Some States have reciprocity agreements allowing special education teachers to transfer their license from one State to another, but many still require special education teachers to pass licensing requirements for that State. In the future, employers may recognize certification or standards offered by national organization.
Many colleges and universities across the United States offer programs in special education, including undergraduate, masters, and doctoral programs. Special education teachers usually undergo longer periods of training than general education teachers. Most bachelors degree programs are 4-year programs including general and specialized courses in special education. However, an increasing number of institutions require a fifth year or other postbaccalaureate preparation. Courses include educational psychology, legal issues of special education, child growth and development, and knowledge and skills needed for teaching students with disabilities. Some programs require specialization. Others offer generalized special education degrees, or study in several specialized areas. The last year of the program is usually spent student teaching in a classroom supervised by a certified teacher.
Alternative and emergency licenses are available in many States, due to the need to fill special education teaching positions. Alternative licenses are designed to bring college graduates and those changing careers into teaching more quickly. Requirements for an alternative license may be less stringent than for a regular license and vary by State. In some programs, individuals begin teaching quickly under a provisional license. They can obtain a regular license by teaching under the supervision of licensed teachers for a period of 1 to 2 years while taking education courses. Emergency licenses are granted when States have difficulty finding licensed special education teachers to fill positions.
Special education teachers must be patient, able to motivate students, understanding of their students special needs, and accepting of differences in others. Teachers must be creative and apply different types of teaching methods to reach students who are having difficulty. Communication and cooperation are essential traits because special education teachers spend a great deal of time interacting with others, including students, parents, and school faculty and administrators.
Special education teachers can advance to become supervisors or administrators. They may also earn advanced degrees and become instructors in colleges that prepare others for special education teaching. In some school systems, highly experienced teachers can become mentor teachers to less experienced ones; they provide guidance to these teachers while maintaining a light teaching load.
Employment of special education teachers is expected to increase faster than the average for all occupations through 2008, spurred by continued growth in the number of special education students needing services, legislation emphasizing training and employment for individuals with disabilities, and educational reform. Turnover will lead to additional job openings as special education teachers switch to general education or change careers altogether. Rapid employment growth and job turnover should result in a very favorable job market.
Special education teachers have excellent job prospects, as many school districts report shortages of qualified teachers. Job outlook varies by geographic area and specialty. Positions in rural areas and inner cities are more plentiful than job openings in suburban or wealthy urban areas. In addition, job opportunities may be better in certain specialtiessuch as speech or language impairments, and learning disabilitiesbecause of large enrollment increases of special education students classified under these disability categories. Legislation encouraging early intervention and special education for infants, toddlers, and preschoolers has created a need for early childhood special education teachers. Special education teachers who are bilingual or have multicultural experience are also needed to work with an increasingly diverse student population.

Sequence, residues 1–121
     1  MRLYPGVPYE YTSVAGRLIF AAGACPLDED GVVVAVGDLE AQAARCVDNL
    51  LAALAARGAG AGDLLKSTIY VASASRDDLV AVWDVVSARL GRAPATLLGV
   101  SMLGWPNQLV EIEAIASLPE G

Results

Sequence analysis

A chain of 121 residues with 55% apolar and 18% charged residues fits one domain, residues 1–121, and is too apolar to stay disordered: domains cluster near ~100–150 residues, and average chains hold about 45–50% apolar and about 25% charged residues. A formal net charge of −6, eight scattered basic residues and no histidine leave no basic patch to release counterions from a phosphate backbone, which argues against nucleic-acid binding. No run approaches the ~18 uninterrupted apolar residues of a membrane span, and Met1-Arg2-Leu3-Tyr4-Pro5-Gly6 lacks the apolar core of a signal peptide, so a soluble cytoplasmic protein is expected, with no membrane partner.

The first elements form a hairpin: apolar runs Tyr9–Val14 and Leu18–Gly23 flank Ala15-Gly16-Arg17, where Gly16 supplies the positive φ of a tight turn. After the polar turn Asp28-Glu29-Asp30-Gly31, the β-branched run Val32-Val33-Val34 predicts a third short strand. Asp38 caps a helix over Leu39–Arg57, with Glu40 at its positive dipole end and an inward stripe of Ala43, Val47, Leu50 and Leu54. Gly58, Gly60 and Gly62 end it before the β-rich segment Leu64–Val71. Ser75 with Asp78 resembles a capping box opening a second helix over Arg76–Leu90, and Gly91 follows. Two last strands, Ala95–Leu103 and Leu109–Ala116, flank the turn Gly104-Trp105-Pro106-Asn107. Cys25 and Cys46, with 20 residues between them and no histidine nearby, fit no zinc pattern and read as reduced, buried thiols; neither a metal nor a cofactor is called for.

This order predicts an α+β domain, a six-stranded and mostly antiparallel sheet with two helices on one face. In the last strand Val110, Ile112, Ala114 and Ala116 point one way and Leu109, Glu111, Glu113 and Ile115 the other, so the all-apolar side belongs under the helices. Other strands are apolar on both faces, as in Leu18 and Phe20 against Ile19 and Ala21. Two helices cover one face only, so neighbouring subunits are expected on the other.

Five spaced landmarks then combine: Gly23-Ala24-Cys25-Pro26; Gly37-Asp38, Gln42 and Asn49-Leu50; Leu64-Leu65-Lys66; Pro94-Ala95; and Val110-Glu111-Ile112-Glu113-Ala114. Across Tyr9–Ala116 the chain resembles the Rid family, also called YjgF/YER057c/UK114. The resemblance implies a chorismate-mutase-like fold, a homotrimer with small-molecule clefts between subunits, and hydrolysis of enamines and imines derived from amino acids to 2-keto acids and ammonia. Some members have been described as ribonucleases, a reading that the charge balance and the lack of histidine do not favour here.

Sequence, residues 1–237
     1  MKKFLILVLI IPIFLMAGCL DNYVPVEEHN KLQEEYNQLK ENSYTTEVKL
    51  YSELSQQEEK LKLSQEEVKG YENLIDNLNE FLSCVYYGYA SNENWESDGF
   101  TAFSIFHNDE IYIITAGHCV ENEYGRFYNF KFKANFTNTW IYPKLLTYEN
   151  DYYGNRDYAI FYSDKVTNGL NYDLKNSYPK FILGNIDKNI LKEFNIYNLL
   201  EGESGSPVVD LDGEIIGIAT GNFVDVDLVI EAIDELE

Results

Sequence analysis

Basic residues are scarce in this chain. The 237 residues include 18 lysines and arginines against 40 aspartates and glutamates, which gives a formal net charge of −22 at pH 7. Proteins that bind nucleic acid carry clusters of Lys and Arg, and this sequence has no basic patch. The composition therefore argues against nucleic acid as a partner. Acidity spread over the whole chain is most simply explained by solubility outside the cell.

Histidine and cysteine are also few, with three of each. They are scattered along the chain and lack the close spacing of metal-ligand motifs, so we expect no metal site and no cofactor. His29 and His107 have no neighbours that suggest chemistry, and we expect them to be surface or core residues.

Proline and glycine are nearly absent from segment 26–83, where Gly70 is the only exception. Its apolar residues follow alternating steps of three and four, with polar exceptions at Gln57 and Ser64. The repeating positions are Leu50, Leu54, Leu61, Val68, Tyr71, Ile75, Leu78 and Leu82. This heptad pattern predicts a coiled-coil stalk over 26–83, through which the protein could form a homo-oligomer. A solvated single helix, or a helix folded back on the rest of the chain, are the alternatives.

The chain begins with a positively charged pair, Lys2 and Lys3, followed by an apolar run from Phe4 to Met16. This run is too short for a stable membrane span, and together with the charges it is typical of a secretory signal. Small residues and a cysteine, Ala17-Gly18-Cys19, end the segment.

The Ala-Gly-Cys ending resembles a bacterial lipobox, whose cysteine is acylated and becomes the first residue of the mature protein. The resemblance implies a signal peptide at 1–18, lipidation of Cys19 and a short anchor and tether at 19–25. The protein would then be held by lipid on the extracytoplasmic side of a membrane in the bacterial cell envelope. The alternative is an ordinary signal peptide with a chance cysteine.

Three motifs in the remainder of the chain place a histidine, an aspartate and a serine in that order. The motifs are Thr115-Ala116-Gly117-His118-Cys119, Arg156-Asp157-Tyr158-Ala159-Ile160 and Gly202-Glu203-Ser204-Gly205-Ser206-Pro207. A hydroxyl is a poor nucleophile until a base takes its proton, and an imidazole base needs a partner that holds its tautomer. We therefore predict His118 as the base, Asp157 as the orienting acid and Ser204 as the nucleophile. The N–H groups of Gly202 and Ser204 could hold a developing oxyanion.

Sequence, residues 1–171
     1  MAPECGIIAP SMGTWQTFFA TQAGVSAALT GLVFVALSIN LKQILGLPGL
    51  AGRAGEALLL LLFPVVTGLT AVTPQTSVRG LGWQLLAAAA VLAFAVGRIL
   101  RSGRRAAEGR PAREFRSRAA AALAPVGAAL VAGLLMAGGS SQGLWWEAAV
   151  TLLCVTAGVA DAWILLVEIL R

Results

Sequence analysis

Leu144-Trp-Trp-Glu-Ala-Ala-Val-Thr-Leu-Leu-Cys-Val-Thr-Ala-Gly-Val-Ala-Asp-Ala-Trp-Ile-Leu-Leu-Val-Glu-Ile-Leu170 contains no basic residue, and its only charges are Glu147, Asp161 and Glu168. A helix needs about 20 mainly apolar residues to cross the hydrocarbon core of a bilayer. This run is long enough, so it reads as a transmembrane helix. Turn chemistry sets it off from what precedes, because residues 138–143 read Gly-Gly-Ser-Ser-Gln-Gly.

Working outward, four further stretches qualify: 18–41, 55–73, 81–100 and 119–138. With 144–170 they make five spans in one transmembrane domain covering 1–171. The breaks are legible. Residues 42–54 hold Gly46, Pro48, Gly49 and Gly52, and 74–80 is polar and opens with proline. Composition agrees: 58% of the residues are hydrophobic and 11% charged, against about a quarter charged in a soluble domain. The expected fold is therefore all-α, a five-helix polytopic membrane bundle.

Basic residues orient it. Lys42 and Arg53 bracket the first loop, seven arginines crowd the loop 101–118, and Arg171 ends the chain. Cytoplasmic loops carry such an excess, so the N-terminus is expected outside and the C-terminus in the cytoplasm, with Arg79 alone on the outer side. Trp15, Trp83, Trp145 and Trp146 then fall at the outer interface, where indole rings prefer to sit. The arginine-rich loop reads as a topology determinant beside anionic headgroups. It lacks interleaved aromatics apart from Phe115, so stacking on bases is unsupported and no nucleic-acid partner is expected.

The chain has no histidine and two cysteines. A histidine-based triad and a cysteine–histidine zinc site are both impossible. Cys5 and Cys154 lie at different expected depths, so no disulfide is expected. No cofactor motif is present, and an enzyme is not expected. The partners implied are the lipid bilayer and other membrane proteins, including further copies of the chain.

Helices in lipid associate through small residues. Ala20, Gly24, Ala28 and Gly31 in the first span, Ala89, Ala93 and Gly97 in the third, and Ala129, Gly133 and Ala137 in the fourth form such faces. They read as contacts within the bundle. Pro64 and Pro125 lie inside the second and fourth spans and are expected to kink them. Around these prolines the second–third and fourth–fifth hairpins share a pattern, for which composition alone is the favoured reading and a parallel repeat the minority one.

The number of students requiring special education services has been steadily increasing, as indicated by the accompanying chart. This trend is expected to continue because of legislation which expanded the age range of children receiving special education services to include those from birth to age 21; medical advances resulting in more survivors of accidents and illness; the postponement of childbirth by more women, resulting in a greater number of premature births and children born with birth defects; and growth in the general population.
Median annual earnings of special education teachers in 1998 were $37,850. The middle 50 percent earned between $30,410 and $48,390. The lowest 10 percent earned less than $25,450; the highest 10 percent, more than $78,030.
In 1998, about 58 percent of special education teachers belonged to unionsmainly the American Federation of Teachers and the National Education Associationthat bargain with school systems over wages, hours, and the terms and conditions of employment.
In some schools, teachers receive extra pay for coaching sports and working with students in extracurricular activities. Some teachers earn extra income during the summer, working in the school system or in other jobs.
Special education teachers work with students who have disabilities and special needs. Other occupations involved with the identification, evaluation, and development of students with disabilities include school psychologists, social workers, speech pathologists, rehabilitation counselors, adapted physical education teachers, special education technology specialists, and occupational, physical, creative arts, and recreational therapists.
Disclaimer: Links to non-BLS Internet sites are provided for your convenience and do not constitute an endorsement.
For information on professions related to early intervention and education for children with disabilities, a list of accredited schools, teacher certification, financial aid information, and general information on related personnel issuesincluding recruitment, retention, and supply of and demand for special education professionalscontact:
To learn more about the special education teacher certification and licensing requirements in your State, contact your States department of education.
An industry employing special education teachers that appears in the 2000-01 Career Guide to Industries: Educational services
Last Updated: March 30, 2000